Cox clearly feels that getting younger is in order, which apparently can only be done by tanking. But, rather than applaud – or at least acknowledge – the front office for trying to field a competitive team AND grow the farm system, he simply says it is taking too long. He doesn’t buy into the youth of this organization (I mean, he writes Anthony Alfred, so…hopefully, that gets changed) being all it’s cracked up to be, but scoffs at those “outside of Toronto” thinking the front office has done a good job. But, they’re outsiders, donchaknow?
But, wait! There’s more. “Shapiro wants fans to believe he will oversee an operation that develops stars. He just doesn’t want to go all in on the rebuilding effort or lose enough games to get the best picks, and most believe that’s because his corporate bosses at Rogers would prefer the bottom line to stay reasonably healthy as this team gets turned over. So the Jays are neither fish nor fowl at the moment. They’re not pursuing a World Series, and they’re not in full tear-down mode, either.”
Oh, boy…This whole statement is rife with unawareness, no? Firstly, it implies that nothing short of spending the most amount of money in baseball will bring a World Series. It completely ignores the trend to avoid big spending on aging stars. Money doesn’t equal winning. Not any more. Full tear down also means years of losing. Like, we’re not talking of years of losing because of poor management, leading to a lesser product. We’re talking about losing because of not having talent to begin with. That’s what starting from scratch looks like. And, it takes years to recover from. More years than Cox would tolerate, I assure you.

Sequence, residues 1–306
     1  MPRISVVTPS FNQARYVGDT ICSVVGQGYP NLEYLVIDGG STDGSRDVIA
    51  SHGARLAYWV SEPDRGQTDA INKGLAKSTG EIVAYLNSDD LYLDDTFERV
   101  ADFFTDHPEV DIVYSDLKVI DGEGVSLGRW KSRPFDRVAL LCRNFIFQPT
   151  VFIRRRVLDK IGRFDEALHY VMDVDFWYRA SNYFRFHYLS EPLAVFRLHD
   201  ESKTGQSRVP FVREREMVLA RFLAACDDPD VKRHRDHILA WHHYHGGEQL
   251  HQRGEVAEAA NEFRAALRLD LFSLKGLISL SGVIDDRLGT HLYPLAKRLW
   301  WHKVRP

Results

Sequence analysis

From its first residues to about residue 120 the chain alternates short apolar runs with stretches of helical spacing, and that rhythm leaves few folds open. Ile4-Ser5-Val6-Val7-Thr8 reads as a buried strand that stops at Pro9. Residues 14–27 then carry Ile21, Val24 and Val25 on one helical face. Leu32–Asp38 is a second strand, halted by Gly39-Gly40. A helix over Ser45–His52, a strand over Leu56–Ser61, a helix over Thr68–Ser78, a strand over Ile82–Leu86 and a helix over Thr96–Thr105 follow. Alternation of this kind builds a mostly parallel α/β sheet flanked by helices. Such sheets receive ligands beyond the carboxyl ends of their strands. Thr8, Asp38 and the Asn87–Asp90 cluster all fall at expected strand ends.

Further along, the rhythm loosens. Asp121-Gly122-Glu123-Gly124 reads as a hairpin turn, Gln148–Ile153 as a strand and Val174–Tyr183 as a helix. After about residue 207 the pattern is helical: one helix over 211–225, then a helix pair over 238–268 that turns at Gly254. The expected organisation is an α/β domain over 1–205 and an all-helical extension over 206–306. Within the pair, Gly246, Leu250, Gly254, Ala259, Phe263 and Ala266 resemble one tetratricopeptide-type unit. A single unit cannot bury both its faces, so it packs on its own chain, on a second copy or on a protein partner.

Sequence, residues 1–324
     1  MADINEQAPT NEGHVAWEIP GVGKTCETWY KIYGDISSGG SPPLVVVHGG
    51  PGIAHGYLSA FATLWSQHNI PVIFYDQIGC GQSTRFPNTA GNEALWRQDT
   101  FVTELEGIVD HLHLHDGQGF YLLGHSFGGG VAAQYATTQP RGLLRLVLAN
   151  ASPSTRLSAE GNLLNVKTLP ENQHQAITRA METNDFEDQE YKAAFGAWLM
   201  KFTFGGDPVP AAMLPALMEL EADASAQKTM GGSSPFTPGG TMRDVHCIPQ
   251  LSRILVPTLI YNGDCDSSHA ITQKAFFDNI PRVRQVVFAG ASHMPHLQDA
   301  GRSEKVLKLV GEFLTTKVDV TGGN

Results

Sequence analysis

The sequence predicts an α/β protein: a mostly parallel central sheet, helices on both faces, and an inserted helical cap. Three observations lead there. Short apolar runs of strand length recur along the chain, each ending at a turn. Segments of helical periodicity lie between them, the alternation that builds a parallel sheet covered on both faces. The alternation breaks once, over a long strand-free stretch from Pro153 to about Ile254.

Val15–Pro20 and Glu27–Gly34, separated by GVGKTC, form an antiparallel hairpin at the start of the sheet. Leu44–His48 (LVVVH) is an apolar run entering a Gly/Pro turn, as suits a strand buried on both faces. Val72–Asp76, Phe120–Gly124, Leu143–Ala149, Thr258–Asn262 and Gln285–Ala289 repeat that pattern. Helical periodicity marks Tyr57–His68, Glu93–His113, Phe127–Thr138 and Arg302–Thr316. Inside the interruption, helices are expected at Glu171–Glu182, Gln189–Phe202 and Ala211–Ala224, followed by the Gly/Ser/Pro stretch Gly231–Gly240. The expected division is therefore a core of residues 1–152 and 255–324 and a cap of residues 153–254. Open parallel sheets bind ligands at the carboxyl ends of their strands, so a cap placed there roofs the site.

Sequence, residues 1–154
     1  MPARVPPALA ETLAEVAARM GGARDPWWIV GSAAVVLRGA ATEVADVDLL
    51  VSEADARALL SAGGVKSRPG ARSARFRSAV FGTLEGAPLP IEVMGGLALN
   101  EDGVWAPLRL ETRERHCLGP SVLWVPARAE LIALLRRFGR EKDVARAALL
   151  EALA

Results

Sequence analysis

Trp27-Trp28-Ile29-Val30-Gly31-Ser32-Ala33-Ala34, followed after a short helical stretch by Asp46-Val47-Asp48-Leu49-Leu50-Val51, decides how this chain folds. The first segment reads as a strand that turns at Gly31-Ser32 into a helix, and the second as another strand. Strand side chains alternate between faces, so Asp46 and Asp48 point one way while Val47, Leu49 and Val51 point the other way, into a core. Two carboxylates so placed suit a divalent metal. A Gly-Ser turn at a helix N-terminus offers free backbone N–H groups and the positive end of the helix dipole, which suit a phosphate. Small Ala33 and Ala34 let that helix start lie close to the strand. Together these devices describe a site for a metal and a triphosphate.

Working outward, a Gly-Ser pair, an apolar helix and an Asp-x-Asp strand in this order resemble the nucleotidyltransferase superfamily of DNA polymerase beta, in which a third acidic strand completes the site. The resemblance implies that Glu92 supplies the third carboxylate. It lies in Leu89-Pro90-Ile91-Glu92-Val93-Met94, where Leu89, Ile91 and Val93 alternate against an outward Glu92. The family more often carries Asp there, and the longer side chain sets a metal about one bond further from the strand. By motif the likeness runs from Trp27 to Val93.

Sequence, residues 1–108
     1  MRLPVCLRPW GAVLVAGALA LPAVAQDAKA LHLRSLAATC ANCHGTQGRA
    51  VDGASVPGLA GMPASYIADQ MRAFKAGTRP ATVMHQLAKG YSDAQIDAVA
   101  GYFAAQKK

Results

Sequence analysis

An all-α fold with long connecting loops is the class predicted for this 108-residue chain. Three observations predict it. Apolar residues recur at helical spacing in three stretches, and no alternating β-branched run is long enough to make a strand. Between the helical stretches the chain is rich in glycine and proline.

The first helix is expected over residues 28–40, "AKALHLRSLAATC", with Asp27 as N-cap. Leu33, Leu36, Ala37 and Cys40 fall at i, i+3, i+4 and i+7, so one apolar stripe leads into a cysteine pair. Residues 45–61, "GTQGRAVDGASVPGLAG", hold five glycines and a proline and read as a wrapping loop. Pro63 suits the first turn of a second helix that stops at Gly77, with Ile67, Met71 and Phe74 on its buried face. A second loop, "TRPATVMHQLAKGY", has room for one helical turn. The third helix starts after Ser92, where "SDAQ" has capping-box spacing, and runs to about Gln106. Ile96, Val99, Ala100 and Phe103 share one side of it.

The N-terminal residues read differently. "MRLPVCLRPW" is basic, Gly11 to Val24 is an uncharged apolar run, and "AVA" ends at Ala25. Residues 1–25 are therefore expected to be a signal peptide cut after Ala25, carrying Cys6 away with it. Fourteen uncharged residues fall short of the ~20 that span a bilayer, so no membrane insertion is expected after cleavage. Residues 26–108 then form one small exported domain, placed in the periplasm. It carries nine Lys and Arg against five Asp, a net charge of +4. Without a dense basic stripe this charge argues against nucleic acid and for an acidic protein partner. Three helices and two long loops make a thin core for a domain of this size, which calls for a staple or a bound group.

Cox ends with this gem: “The Jays want you to believe they can do both things — win and rebuild — at once. The uncertain future of third baseman Josh Donaldson, held by injuries to 113 starts last year and headed for free agency, will impact both of those objectives. So it remains a question of faith. Do you believe these suits, these “Cleveland guys,” can build a serious contender without first going through serious pain like the Astros did before emerging as the best team in baseball? You don’t have to answer now. We’ll check in again in six months.”
Look, there has not been a move made this offseason where the front office has tried to convince the fanbase that they should book off a date in November for a parade. Not once have they tried to say that they will win it all. Anyone who tries to do that is just being silly. They have improved their team. That makes things better. That is what improvement means, right? Is it enough to win the World Series? Who knows. That is why baseball is so much fun. Anything can happen. Are the Blue Jays a contender? Well, baseball thinking would say they are. Should they have to strip down to lose 100 games to compete? No. They are competitive now. Will they stay that way? Maybe not. They may put together another losing season. But, they may not.
That is why it is suggested that you choose your Blue Jays’ narratives carefully. At this point any of them very well could prove to be correct. So, it’s up to you which you would rather spend your time with. The season hasn’t started and already there are these doom and gloom posts. Believe them if you like. Heck, you may even be right. We can check again in six months.
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Shaun Doyle is a long time Blue Jays fan and writer! He decided to put those things together and create Jays From the Couch. Shaun is the host of Jays From the Couch Radio, which is highly ranked in iTunes, and he has appeared on TV and radio spots.